The Piranha USV may be a visually striking vessel and well-suited for costal patrols, but at 54-feet in length, it's far too bulky to effectively protect harbor interiors and the close quarters between US warships. This 11-foot inflatable from Rafael Industries, however, is small—and deadly—enough to defend the tightest of portsmouths.
Dubbed the Protector, this Unmanned Surface Vehicle (USV) is designed for stealthy close-quarters patrolling and can be quickly re-equipped to handle a variety of missions, from basic harbor security to ISR collection to the defense of US warships or commercial traffic. The Protector features a 360-degree color camera and an advanced radar system by default for use in automated detection, identification and targeting—either during the day or at night.
Depending on the mission, the Protector can be outfitted with a variety of subsystems. For example, during anti-terror missions (read: pirate-hunting), it will sport the Raphael Toplite EO sensor gimbal, which contains a 3rd generation FLIR, a CCD camera, and eye-safe laser rangefinder, as well as the Mini-Typhoon (aka the Mk 49 by the US Navy) stabilized weapons platform, a highly accurate remote-controlled turret capable of operating numerous small caliber weapons. These small-caliber weapons can include anything from .50 caliber machine guns to surface-to-surface missile batteries firing Raphael's 2.5-mile-range Spike missiles.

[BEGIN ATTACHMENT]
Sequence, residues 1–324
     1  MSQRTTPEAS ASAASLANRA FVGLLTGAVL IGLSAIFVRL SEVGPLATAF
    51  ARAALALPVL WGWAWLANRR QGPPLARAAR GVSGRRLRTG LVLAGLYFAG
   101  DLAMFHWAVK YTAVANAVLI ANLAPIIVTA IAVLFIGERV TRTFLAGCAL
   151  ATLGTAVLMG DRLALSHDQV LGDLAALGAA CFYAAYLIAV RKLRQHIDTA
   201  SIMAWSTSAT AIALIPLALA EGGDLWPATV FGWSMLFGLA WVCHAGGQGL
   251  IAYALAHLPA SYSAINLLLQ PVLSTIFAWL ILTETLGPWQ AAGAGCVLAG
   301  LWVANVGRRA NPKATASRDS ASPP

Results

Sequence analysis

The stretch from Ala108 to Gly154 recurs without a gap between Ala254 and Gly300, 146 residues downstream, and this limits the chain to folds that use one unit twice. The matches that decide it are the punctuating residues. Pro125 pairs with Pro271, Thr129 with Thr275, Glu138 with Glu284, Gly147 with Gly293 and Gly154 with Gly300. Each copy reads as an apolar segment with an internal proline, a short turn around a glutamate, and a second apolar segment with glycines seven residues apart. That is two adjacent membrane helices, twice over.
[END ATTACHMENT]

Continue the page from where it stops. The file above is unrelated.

The US Navy has spent the last five years or so modifying, integrating, and tweaking the Raphael platform into a "Precision Engagement Module" which it launched for live fire tests last week. Over the course of three days, the USV PEM launched a series of six Spikes from the platform—the first time that the Navy has successfully fired missiles from a USV.
The USV PEM still has a few years of further testing in store before the Navy even decides to add it to its growing flotilla of unmanned war machines, but it could quickly find use in "a number of applications including harbor security, defensive operations against fast attach craft and swam scenarios, which is of primary concern for the Navy," Mark Moses, the Navy's program manager for the armed drone boat project, explained to Danger Room. "However, it is probably most effective when targets try and hide among commercial vessels—for example, congested waterways." Hopefully, when the shit hits the fan in the Strait of Hormuz, we won't have to risk sailors lives to keep it open. [NavSea - Wired - Raphael 1, 2, 3, 4 - Image: Raphael Defense Industries]